Ten years ago a new era of salmon and steelhead recovery quite literally started out with a bang when Marmot Dam was removed from the Sandy River.
More than a ton of high-grade explosives were detonated, taking off the face of the 47-foot high concrete dam.
At the time, it was the largest dam breach ever attempted. Portland General Electric, owner of the dam, figured it would be more cost-effective to remove the structure than upgrade it to meet new federal relicensing standards.
In July 2007, in a highly publicized event, PGE blew the concrete face off its dam on the Sandy River. For the next three months, large backhoes with pneumatic hammers pulverized, drilled, pulled apart and hauled off the remaining pieces of the dam. On Oct. 19, a rainstorm swept away the backfill that had accumulated behind the dam, making the Sandy totally free-flowing again, from its headwaters on Mt. Hood to its confluence with the Columbia River in Troutdale 56 miles away.
Biologists, conservationists, anglers, and others hailed the removal of Marmot Dam as a victory for imperiled native runs of Chinook and coho salmon and steelhead. The hope was that fish would benefit from better flows, better water quality and unrestricted access to prime spawning grounds in the uppermost reaches of the river.
So has 10 years of a free-flowing Sandy River been good for fish?
The answer is an unqualified ‘yes’, according to Todd Alsbury, ODFW district fish biologist for the Sandy, and one of the partners in the removal of Marmot Dam.
Now, for the past three years, when other runs of salmon and steelhead around the region have been down, the Sandy has been seeing increasingly strong returns; in some cases, double what they were a decade ago before Marmot Dam was removed.
“While not solely due to dam removal, returns of wild spring Chinook, winter steelhead, and coho have increased significantly as compared to their abundance before the dam was removed,” said Alsbury, who noted that in the 10 years since Marmot Dam was removed ODFW has observed the largest returns for all three species in the 40 years.
For example, the number of wild spring Chinook increased from an average of 809 before dam removal to 2,086 afterwards. Similarly, coho increased from 784 returning fish before dam removal to 1,959 afterward, and wild winter steelhead increased from 898 to 2,757.
To really gauge how successful removal has been, though, it helps to look at how the fish were doing prior to removal of the dam.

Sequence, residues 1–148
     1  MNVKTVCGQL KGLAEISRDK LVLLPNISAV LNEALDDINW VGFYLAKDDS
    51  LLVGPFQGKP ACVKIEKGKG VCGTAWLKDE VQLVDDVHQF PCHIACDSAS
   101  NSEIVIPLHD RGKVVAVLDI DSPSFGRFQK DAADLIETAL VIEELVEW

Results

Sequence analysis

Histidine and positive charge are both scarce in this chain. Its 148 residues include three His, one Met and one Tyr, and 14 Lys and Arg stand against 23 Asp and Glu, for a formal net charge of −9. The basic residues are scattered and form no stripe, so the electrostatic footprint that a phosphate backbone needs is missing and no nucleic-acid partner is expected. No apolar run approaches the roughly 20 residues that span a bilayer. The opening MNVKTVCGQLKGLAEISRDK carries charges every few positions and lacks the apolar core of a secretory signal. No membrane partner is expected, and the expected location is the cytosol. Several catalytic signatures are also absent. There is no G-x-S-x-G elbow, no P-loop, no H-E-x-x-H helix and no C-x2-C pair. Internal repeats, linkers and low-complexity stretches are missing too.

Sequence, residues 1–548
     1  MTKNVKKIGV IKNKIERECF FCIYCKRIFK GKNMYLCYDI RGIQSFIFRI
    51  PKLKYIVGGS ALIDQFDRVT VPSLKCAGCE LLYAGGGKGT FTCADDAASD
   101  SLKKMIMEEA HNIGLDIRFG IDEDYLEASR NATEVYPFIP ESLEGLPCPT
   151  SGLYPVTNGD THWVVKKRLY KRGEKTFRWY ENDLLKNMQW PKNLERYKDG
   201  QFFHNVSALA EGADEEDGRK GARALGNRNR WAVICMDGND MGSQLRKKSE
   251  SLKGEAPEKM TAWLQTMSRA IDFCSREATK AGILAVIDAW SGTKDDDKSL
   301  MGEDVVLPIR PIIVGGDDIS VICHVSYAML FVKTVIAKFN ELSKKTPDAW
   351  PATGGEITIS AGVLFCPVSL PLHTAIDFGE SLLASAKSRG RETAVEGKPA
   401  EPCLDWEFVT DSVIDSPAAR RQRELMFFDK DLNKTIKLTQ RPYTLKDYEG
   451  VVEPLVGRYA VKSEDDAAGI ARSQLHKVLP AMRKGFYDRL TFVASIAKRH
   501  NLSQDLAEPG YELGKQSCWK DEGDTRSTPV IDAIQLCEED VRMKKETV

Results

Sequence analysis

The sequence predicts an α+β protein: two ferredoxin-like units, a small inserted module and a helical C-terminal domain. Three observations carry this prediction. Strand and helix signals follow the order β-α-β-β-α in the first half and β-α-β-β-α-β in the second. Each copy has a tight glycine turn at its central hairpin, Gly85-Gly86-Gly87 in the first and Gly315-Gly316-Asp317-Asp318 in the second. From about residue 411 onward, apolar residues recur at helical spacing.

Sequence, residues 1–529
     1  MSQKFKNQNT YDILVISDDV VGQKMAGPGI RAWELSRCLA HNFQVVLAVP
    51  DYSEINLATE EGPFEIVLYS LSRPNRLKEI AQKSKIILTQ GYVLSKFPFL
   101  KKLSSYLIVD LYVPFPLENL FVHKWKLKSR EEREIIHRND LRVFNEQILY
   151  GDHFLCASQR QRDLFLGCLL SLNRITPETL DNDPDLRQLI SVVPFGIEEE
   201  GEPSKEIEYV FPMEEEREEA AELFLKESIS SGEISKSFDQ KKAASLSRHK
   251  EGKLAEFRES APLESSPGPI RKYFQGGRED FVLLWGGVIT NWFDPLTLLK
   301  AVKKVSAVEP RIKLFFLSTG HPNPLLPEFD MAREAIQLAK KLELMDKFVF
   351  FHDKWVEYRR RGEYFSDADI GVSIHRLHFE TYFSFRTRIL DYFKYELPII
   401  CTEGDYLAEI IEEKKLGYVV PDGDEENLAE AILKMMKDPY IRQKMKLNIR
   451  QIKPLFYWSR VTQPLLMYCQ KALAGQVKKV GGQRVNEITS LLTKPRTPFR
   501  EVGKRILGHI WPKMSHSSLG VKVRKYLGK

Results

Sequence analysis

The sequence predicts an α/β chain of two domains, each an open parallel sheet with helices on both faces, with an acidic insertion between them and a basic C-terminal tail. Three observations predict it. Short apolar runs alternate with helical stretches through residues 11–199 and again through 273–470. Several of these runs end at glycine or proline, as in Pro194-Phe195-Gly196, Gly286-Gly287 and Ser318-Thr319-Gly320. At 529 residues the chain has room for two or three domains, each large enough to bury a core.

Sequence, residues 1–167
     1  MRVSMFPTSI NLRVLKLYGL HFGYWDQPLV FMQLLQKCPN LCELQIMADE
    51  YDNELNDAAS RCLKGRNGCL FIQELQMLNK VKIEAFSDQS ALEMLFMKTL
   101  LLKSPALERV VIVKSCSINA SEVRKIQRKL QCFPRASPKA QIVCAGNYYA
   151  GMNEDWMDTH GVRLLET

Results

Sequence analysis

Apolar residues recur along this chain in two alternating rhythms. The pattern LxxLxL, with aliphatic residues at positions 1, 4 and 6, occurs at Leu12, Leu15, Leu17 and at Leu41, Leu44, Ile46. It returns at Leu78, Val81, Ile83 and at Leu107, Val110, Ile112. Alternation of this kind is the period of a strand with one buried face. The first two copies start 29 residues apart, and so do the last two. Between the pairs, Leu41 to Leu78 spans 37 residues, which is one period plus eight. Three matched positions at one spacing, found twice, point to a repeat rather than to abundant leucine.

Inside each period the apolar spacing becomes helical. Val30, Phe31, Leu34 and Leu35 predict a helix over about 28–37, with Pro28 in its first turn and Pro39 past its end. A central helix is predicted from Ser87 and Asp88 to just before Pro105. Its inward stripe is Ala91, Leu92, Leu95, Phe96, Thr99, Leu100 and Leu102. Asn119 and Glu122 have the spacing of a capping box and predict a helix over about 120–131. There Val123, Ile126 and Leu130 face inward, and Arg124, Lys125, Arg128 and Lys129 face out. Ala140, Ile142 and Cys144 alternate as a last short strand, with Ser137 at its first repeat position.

Wild spring Chinook were nearly extirpated in the 1950s and ’60s by dam operations, habitat losses, and other human impacts. During this period, fishery managers tried to rebuild the population with hatchery Chinook, which were intercepted in a trap at Marmot Dam and trucked to Sandy Fish Hatchery, where the next generation of fish was spawned and reared.
However, fisheries management changed dramatically in 1998 when the fish were listed as threatened under the Endangered Species Act. This triggered discussions about ways to recover the fish, including by taking out Marmot Dam and reducing releases of hatchery fish so there would be fewer of them to compete with the ESA-listed wild fish. These discussions also led to one of the first integrated brood programs whereby wild spring Chinook were reared at the hatchery, and later cross-bred with hatchery Chinook to create a fish closely resembling the native fish, instead of looking outside the basin for replacement stock with different genetics.
When Marmot Dam was removed, ODFW biologists lost a fish trap that gave them the ability to catch and separate wild fish. The fish needed to be separated so the wild ones could go on upstream to spawn while the hatchery fish were captured and taken to the hatchery to spawn. For the first two years after dam removal, ODFW staff netted brood stock out of the river using large seine nets pulled by swimmers in full wetsuits. Later on, biologists installed weirs, or portable traps, in the river for this purpose.
To continue providing a recreational fishery, Alsbury and his staff developed an acclimation site to rear and release juvenile fish at a location that is suitable for returning adult fish. They now collect adult fish using temporary weirs near the release location to capture returning adults. Afterwards, the weir can be removed from the river.
“Our goal is to first protect native runs of native salmon and steelhead while at the same time providing a robust recreational fishery,” said Alsbury. “Thanks to a lot of hard work on the part of many dedicated individuals and a lot of collaboration we are starting to see some impressive results.”
“Habitat is the key,” Alsbury added, noting that the Sandy is one of the few rivers where fish habitat is now being added faster than it is being degraded or lost, and that salmon are now showing up to spawn in habitat that didn’t exist before.